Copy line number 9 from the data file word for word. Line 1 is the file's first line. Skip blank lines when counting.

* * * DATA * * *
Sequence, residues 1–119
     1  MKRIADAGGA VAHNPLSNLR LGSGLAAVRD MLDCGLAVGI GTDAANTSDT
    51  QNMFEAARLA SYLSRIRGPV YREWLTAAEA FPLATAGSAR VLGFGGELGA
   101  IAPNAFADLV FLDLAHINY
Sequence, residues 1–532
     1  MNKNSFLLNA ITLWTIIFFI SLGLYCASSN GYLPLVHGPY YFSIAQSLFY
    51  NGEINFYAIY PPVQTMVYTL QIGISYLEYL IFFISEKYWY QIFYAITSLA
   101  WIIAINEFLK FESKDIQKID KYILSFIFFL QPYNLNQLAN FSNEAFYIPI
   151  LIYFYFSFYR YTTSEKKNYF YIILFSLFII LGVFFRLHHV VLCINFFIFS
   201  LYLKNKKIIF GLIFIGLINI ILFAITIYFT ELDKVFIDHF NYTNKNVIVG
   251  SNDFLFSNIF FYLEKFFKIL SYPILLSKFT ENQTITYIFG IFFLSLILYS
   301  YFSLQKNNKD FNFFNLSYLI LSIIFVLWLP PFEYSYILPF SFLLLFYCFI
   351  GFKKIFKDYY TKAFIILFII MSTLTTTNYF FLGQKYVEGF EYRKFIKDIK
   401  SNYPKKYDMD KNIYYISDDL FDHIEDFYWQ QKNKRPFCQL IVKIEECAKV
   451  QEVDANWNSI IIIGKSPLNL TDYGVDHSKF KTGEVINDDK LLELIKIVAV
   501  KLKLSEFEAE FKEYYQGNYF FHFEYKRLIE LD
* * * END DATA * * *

   151  LIYFYFSFYR YTTSEKKNYF YIILFSLFII LGVFFRLHHV VLCINFFIFS